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The toll in the tornado that ripped through Joplin soared to 116 on Monday (Tuesday NZT), a city official said, tying it for the deadliest twister to ever hit American soil since the National Weather Service began keeping records 61 years ago.
City manager Mark Rohr told reporters that people from more than 40 agencies are on the ground in the southwest Missouri city, braving relentless rain and devastating wreckage looking for survivors. They found 7 people alive on Monday, he said, though the number of fatalities rose to a level unmatched since a tornado struck Flint, Michigan, on June 8, 1953.
The Sunday-night tornado chewed through a densely populated area of the city, causing hundreds of injuries as it tore apart homes and businesses, ripped into a high school and caused severe damage to one of the two hospitals in the city. Based on preliminary estimates, the twister ranked as an EF4 with winds between 190 and 198 mph, said National Weather Service director Jack Hayes.
“Everybody’s going to know people who are dead,” said CNN iReporter Zach Tusinger, who said his aunt and uncle died in the tornado. “You could have probably dropped a nuclear bomb on the town and I don’t think it would have done near as much damage as it did.”
The nightmare may not be over for Joplin or other parts of the United States, with the weather service predicting another tornado outbreak Tuesday.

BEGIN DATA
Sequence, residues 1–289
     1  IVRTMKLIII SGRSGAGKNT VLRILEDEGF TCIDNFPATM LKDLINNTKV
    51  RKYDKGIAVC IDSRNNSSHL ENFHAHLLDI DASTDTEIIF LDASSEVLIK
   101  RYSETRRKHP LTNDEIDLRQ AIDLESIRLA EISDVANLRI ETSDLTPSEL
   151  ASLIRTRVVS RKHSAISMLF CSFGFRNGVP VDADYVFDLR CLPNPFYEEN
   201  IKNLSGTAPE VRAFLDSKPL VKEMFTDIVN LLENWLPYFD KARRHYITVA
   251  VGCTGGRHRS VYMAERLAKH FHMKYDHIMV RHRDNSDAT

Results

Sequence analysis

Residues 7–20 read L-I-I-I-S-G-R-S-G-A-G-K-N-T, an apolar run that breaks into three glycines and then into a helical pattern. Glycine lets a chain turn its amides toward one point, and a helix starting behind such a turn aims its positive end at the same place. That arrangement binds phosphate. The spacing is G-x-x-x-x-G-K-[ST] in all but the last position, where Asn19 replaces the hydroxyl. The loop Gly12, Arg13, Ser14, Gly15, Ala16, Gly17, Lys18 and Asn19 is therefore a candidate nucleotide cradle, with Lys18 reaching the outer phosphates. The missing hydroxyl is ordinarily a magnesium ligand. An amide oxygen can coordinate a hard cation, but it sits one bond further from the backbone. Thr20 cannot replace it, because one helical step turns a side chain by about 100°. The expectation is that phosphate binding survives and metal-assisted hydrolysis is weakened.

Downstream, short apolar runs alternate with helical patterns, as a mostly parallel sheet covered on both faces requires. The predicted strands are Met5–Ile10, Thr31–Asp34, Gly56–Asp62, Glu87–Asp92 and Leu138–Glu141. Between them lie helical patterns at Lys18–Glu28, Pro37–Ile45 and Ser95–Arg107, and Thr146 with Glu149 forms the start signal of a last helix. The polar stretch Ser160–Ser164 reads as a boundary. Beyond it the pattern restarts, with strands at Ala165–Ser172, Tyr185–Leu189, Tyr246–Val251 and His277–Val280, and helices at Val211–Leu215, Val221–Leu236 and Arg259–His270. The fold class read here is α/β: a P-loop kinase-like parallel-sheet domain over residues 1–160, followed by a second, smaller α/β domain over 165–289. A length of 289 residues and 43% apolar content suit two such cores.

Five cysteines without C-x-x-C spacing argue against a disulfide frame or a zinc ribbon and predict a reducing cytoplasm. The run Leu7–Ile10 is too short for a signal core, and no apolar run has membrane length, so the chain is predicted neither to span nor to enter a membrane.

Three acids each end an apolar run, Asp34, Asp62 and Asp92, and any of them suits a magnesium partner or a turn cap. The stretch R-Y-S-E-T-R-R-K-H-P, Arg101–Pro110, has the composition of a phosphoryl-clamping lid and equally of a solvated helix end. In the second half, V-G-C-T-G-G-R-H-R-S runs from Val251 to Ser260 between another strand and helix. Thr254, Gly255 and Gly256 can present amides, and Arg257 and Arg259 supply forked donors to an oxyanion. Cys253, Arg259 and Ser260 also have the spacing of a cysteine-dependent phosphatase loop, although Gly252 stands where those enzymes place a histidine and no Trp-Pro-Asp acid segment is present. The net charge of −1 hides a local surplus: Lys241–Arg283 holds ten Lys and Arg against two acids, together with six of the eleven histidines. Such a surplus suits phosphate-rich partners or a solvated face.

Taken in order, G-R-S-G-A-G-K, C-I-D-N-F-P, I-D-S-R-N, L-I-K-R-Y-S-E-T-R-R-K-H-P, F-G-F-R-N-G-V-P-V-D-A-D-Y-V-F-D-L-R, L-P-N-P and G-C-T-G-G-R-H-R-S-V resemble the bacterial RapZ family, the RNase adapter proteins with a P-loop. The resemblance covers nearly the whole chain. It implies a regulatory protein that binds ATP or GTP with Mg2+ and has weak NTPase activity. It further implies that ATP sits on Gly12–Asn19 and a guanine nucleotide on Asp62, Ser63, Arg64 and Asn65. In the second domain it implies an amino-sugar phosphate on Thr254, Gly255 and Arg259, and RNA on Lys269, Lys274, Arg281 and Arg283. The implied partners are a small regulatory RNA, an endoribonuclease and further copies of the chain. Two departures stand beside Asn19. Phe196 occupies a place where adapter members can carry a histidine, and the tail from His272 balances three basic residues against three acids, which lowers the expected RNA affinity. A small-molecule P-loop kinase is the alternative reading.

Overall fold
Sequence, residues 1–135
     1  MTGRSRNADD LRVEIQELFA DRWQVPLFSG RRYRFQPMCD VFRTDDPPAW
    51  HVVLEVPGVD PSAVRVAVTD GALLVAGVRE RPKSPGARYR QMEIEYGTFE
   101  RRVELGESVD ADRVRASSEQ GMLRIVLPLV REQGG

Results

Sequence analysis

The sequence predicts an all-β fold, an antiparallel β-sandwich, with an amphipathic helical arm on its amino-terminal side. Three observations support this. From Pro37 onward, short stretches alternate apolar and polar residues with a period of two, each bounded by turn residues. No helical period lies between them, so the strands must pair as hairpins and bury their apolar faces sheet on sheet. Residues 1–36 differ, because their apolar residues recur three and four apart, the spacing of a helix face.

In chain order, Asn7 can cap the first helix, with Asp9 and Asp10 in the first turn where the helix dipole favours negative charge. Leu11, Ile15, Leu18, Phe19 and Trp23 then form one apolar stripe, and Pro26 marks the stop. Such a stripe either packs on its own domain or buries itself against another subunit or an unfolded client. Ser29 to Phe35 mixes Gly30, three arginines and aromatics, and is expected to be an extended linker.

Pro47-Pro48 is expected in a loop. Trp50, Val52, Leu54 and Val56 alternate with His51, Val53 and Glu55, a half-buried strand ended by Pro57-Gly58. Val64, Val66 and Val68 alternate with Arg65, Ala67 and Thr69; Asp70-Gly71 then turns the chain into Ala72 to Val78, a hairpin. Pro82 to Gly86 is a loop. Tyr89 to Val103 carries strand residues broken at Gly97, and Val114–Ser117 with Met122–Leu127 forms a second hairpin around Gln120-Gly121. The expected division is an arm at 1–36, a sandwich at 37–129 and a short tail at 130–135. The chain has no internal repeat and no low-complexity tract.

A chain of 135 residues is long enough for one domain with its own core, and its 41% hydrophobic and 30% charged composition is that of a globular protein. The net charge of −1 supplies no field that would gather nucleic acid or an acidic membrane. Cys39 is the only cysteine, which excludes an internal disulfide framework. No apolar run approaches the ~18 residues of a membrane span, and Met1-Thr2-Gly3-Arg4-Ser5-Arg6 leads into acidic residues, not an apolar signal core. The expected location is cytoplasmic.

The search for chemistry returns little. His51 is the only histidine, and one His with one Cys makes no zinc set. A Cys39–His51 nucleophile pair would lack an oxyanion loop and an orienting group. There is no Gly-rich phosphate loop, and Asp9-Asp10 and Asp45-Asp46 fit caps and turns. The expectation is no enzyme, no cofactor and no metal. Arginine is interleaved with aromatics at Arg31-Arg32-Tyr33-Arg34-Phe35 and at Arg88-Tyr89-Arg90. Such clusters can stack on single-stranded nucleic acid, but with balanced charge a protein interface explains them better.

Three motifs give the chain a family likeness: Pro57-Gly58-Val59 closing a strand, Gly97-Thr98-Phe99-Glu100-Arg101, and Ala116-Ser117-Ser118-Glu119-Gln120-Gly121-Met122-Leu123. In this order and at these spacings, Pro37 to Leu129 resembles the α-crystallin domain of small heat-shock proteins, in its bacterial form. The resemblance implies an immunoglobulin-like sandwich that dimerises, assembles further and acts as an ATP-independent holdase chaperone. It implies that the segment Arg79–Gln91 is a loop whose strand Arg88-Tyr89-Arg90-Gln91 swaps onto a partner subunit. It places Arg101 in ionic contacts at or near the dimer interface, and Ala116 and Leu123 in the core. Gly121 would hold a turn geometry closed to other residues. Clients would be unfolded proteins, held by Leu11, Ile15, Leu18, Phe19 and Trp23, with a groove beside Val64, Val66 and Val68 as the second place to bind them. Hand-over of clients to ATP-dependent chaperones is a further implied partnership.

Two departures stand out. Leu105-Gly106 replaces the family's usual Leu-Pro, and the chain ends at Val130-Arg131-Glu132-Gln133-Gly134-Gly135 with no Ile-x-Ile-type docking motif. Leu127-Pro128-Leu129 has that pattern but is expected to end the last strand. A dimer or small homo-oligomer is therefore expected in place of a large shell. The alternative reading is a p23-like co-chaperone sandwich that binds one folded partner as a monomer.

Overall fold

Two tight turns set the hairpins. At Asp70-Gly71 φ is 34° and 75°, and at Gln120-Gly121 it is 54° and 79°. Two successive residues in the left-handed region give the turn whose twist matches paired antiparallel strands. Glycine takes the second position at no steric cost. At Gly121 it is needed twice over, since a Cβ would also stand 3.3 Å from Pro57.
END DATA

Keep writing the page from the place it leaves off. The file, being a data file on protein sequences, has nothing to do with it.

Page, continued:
The National Weather Service warned there was a 45% chance of another tornado outbreak — with the peak time between 4 p.m. and midnight Tuesday — over a wide swath including parts of Texas, Oklahoma, Arkansas, Missouri and Nebraska. The Storm Prediction Center placed several large cities in the most high-risk area, along with other cities including Kansas City, Missouri; Dallas, Texas; Topeka and Wichita, Kansas; and Oklahoma City and Tulsa, Oklahoma.
Joplin is among them. Already, parts of the city of 50,500 were unrecognizable, according to Steve Polley, a storm chaser from Kansas City, Missouri, who described the damage as “complete devastation.”
Aerial footage from CNN affiliate KOTV showed houses reduced to lumber and smashed cars sitting atop heaps of wood. Other areas appeared to be nearly scoured clean.
“The particular area that the tornado went through is just like the central portion of the city, and it’s very dense in terms of population,” Joplin Emergency Management Director Keith Stammer said on CNN’s “American Morning.”
Damage to the city’s infrastructure was severe. Numerous phone lines and cell phone towers were down, making it difficult to communicate, state officials said. Empire District Electric Co. reported severe damage to its facilities and said 18,000 customers were without power Monday afternoon. Missouri American Water Co. asked customers to conserve water and boil what they do use.
– CNN has extensive coverage of this tornado. Read the entire story and view videos here
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